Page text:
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The mathematician Euler found a way to add up the numbers from 1 to infinity... and he got the answer -1/12. Later this kind of calculation was made illegal. So we don't teach Euler's tricks to students anymore: they're too dangerous.

But the mathematician Riemann figured out how to extract some sense from Euler's calculation! He invented a function now called the

zeta(2) = 1/1² + 1/2² + 1/3² + 1/4² + ...

and

zeta(3) = 1/1³ + 1/2³ + 1/3³ + 1/4³ + ...

and so on, but

zeta(-1) = -1/12

and the proof of this is a cleaned-up version of Euler's original calculation. In case you're wondering,

zeta(-2) = 0

and in fact the zeta function is zero for all negative even numbers. But it's also zero at other places! For example, it's zero at about

1/2 + 14.1347 i

and about

1/2 + 21.0220 i

and about

1/2 + 25.0109 i

where that "i" is the square root of minus 1.

Riemann guessed that all these other places where the zeta function is zero were 1/2 plus some real number times i. He only checked this for the first three places... but by now people have checked it for the first 10,000,000,000,000 places. So it seems to be true, but nobody can prove it.

Proving his guess, called the

It's important because this question is connected to prime numbers... and the deep and mysterious links between

For example: what's the deal with these numbers

14.1347, 21.0220, 25.0109, ...

and so on? I'm just writing them approximately: there's no simple formula for them. But around 1912, Pólya guessed that there was some interesting physical system described by quantum mechanics that has these numbers as its allowed energy levels. If true, finding and understanding this system might help us prove the Riemann Hypothesis.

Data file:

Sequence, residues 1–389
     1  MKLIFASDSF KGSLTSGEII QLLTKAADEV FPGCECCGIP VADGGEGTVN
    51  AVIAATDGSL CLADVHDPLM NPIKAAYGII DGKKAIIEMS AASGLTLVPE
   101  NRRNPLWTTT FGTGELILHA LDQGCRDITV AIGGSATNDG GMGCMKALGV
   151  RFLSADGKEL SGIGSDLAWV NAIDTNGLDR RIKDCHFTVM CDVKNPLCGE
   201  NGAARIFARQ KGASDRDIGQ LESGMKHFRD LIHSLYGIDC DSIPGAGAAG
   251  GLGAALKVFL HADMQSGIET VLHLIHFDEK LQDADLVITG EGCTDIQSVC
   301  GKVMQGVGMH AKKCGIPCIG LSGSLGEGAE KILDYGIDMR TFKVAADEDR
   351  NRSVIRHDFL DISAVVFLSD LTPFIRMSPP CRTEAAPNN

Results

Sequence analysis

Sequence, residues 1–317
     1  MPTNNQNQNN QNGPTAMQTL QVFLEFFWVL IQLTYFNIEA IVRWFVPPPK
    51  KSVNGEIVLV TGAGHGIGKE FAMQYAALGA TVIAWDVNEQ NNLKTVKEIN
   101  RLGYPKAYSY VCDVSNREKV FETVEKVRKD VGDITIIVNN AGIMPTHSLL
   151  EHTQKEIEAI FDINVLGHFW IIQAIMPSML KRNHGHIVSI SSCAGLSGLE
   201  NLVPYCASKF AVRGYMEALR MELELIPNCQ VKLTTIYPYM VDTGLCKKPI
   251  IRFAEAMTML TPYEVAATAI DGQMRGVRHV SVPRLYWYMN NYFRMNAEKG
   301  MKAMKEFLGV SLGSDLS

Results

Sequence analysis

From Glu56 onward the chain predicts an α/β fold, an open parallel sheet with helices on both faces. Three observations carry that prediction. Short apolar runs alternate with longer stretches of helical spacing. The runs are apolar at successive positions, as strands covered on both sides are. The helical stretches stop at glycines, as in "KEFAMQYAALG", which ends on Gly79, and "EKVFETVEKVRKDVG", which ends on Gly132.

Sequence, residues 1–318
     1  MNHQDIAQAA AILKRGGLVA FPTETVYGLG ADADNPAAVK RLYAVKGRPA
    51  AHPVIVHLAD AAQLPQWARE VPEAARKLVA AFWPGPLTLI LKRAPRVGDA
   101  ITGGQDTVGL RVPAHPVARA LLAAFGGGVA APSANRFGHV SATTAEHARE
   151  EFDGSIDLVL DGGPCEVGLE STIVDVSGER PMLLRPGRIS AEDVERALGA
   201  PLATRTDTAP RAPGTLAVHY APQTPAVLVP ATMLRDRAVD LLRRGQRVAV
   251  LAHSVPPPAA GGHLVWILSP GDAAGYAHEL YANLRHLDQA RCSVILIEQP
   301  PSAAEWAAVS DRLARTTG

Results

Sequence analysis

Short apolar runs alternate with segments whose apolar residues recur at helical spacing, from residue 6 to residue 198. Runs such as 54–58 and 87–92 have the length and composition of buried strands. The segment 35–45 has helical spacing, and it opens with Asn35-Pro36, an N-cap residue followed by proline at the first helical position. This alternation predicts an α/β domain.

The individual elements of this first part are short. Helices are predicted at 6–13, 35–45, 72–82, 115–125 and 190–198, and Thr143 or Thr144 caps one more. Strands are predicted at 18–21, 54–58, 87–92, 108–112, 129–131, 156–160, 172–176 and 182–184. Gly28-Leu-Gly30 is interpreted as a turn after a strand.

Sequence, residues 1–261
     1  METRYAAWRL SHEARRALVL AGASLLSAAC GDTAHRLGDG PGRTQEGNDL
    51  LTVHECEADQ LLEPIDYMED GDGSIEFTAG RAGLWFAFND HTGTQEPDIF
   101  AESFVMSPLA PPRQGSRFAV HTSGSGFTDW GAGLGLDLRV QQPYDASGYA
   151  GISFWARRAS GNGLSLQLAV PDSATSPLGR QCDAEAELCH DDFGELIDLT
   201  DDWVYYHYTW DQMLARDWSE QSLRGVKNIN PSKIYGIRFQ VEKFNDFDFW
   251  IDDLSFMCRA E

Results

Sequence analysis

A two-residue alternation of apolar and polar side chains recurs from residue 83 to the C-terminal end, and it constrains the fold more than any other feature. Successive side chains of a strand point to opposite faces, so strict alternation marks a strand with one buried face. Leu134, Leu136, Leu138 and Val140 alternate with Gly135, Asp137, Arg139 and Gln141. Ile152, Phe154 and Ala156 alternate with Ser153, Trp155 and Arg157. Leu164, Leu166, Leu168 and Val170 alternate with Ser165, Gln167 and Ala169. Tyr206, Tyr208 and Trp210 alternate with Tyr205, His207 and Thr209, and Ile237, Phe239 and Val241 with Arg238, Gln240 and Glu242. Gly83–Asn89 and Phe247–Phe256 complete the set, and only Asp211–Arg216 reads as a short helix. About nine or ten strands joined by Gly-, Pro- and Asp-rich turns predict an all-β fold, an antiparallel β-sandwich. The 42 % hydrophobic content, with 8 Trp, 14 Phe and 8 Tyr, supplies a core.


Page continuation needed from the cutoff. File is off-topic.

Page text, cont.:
In 1999, Michael Berry and Jon Keating suggested that this physical system could be the "upside-down version of the quantum harmonic oscillator". The usual version involves a spring that pulls back with a force proportional to how far it's stretched. But their "upside-down" version has a spring that

This is a very weird physical system, especially if you study it using quantum mechanics. It really doesn't seem to make sense. However,

If you're deep into quantum physics or number theory, I really recommend their paper:

• Michael Berry and Jon P. Keating, The Riemann zeros and eigenvalue asymptotics,

For something a bit easier, I recommend this:

• Daniel Schumayer and David A. W. Hutchinson, Physics of the Riemann hypothesis, http://arxiv.org/abs/1101.3116

I gave a talk explaining Euler's crazy calculation, and how it's related to string theory. You can see it here:

http://math.ucr.edu/home/baez/numbers/index.html#24

#Riemann #number_theory

But the mathematician Riemann figured out how to extract some sense from Euler's calculation! He invented a function now called the

**Riemann zeta function**. This function haszeta(2) = 1/1² + 1/2² + 1/3² + 1/4² + ...

and

zeta(3) = 1/1³ + 1/2³ + 1/3³ + 1/4³ + ...

and so on, but

zeta(-1) = -1/12

and the proof of this is a cleaned-up version of Euler's original calculation. In case you're wondering,

zeta(-2) = 0

and in fact the zeta function is zero for all negative even numbers. But it's also zero at other places! For example, it's zero at about

1/2 + 14.1347 i

and about

1/2 + 21.0220 i

and about

1/2 + 25.0109 i

where that "i" is the square root of minus 1.

Riemann guessed that all these other places where the zeta function is zero were 1/2 plus some real number times i. He only checked this for the first three places... but by now people have checked it for the first 10,000,000,000,000 places. So it seems to be true, but nobody can prove it.

Proving his guess, called the